Sunday, February 18, 2007

Blogs, friends and books

when I started blogging three years ago on AOL, I had no idea I'd still be writing online. I thought a different medium for me would help me get back into the habit of daily writing. What I didn't expect was that this would become something of an addiction, the cheapest therapist I've ever had and amazingly a source of friendships. The last part still gets to me.

You see, I have three original Judith HeartSong paintings in my home. I have a book on my shelves written and published by Paula which is dedicated to several bloggers, including me. I also had the honor of entertaining Paula in my home, an evening which still warms my heart. From a hostessing point of view, the evening should have been a disaster. My home was a smelly mess. My husband nearly mute. The dinner bland at best, and the planned highlight of the meal, homemade lemon ice cream, failed to set. She sat down in a chair which broke -- my rickety furniture's fault solely. With most people, an evening like this would still make me cringe at my ineptitude. Yet, we felt and talked like old and dear friends, and it's a treasured memory now. I miss you, Paula.

I have pictures on my fridge of Amy's daughter, Pie. Amy's blog is now private, and I miss her too. Leaving AOL as an ISP kind of cut me out of her loop, but I still get the Christmas cards! I've received cookies and refrigerator magnets from Wonky Muse of The Blue Voice. And my fridge is covered with postcards from Theresa and Moksha. Theresa is the author of The Secret of Hurricanes (which I highly recommend) and I've also received copies of Sun magazine from her, copies which are now showing the wear of having been read over and over. I can't forget the Christmas cards from even more bloggers, and I'm still hoping for a phone call from Lisa.

Recently, I was touched with more generosity from another blogging friend, Rebecca of In The Shadow of The Iris. Rebecca had eagerly waited Janet Fitch's new book, Paint It Black, and was bitterly disappointed. After literally throwing it across the room, she offered it to whoever wanted it. I jumped, even with the warning from a writer I respect. I simply loved White Oleanders and wanted to see how Fitch would follow that up. All I can say is that Rebecca did better than I did. If I'm remembering correctly, she made it about halfway through the book. I think I made it through about 20 pages before giving up with disgust.

Janet Fitch is a beautiful writer whose sentences flow like good music. Her command of language and imagery is compelling, but there was just not one character in the book for whom I could build any sort of empathy, sympathy or emotional connection. Every one was wallowing in their own depression and loving it just too much. I don't need that. Depression and violence are two things that don't need to be romanticized or glamourized, but that's not quite an accurate picture of the book's characters. The portrait of depression here is so ugly, and the characters don't want to give it up. I was just fed up. It's rare that I don't finish a book I start, but my time has become too precious for people, either fact or fictional, who prefer illness to health.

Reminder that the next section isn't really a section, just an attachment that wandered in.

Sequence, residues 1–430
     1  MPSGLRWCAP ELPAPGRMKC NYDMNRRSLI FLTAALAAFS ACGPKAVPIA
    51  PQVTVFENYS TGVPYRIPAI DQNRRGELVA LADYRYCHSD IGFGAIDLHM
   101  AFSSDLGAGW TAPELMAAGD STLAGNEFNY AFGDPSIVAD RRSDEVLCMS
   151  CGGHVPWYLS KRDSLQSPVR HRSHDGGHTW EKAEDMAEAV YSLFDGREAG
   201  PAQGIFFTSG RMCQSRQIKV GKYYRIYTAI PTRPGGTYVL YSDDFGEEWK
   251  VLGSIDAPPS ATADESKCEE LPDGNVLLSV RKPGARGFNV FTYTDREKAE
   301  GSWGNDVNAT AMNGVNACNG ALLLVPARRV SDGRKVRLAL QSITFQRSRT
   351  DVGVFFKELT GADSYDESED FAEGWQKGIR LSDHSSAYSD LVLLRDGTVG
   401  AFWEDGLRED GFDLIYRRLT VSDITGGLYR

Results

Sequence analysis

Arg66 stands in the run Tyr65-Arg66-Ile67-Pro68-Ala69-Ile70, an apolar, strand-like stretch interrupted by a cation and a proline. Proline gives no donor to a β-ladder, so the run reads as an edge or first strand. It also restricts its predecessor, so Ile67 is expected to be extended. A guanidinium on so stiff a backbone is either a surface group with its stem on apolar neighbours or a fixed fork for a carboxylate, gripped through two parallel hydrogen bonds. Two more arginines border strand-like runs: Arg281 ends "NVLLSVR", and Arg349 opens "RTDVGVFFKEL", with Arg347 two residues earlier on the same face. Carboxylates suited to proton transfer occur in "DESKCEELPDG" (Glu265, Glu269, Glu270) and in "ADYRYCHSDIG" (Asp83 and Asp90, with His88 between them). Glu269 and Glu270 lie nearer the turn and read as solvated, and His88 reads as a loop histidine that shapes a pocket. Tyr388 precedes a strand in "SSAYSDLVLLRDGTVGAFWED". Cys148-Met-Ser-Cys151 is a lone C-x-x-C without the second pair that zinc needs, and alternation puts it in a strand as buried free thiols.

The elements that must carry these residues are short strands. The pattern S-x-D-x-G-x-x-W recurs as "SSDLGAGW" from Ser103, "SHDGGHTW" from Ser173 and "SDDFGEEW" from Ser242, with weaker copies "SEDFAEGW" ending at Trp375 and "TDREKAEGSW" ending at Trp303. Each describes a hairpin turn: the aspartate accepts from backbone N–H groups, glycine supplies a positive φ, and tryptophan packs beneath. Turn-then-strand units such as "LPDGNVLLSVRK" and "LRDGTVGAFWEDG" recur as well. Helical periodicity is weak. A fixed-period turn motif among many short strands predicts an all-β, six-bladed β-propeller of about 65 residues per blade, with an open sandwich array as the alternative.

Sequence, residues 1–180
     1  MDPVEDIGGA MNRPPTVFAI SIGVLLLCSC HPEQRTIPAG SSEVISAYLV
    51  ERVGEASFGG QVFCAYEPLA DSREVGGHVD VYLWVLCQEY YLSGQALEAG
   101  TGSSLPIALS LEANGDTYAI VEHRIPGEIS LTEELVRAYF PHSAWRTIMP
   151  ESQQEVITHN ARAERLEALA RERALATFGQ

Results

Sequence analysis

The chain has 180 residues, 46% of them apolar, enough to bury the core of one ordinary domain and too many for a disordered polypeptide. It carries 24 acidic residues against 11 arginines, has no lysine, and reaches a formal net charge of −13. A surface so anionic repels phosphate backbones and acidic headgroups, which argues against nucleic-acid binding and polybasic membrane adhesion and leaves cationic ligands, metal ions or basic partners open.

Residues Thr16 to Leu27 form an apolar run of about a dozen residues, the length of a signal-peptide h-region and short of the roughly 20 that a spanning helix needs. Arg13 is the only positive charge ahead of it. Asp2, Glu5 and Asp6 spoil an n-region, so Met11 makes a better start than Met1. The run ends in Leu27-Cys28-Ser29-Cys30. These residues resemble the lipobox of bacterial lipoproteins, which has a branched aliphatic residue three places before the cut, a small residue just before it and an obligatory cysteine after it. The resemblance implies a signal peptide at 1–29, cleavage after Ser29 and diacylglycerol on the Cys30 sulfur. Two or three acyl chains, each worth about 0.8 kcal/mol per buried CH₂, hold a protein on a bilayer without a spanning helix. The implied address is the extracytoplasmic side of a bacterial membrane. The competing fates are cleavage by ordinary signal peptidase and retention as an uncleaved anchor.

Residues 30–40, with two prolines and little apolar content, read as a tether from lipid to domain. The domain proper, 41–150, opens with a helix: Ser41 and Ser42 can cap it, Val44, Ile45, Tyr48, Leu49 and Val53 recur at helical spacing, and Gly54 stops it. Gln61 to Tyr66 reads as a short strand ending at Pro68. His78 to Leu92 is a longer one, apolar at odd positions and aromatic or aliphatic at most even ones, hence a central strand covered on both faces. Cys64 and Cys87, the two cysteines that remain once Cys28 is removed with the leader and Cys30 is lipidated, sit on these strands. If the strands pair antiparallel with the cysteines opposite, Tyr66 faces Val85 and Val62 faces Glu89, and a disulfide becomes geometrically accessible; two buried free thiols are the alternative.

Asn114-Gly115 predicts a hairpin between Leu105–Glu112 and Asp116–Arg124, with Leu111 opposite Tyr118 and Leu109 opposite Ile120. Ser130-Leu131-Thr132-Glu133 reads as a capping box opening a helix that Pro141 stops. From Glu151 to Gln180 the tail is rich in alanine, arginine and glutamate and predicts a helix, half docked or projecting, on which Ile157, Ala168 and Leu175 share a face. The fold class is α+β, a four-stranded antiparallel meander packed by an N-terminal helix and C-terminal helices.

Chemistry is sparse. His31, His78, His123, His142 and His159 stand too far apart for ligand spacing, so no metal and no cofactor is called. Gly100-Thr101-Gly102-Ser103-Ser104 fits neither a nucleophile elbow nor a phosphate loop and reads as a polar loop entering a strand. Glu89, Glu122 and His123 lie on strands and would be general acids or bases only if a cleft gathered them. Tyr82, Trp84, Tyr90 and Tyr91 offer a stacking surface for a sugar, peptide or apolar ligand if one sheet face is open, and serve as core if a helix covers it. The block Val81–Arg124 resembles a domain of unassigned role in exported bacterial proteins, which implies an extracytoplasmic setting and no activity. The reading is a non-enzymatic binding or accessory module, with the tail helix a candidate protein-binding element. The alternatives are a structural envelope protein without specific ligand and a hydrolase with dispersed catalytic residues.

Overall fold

A little later, I received another package from Rebecca who is thinning her bookshelves. This one had Walt Whitman's Song of Myself, Jodi Picoult's The Pact and Anne Patchett's The Patron Saint of Liars. A veritable reading orgy! My free time has been delicious lately. The first thing that happened was the womanchild and I struggled over who got to read Whitman first. I let her win the argument, but I still got the book first. (Her social life is much busier than mine.) The older I get the more Whitman means to me, and Song of Myself is particularly significant to me now as I'm reclaiming a life of my own.

I first found Jodi Picoult a few years ago when C. and I had to drive to Nashville every other week to see her eating disorder specialist. These were very emotional times, and sometimes we needed the safety of listening to something other than ourselves. On a whim, I picked up My Sister's Keeper on tape and got hooked. Picoult has a real talent for writing about serious issues in an accessible, almost comfortable, way -- but not letting you off the hook. There are no easy answers, nothing is black and white in her books, yet her writing style is so direct and clean, you want to dive deeper into her murky waters. The Pact, despite my initial reservations about the subject matter of teen suicide and the fact that it had been made into a Lifetime movie, didn't disappoint.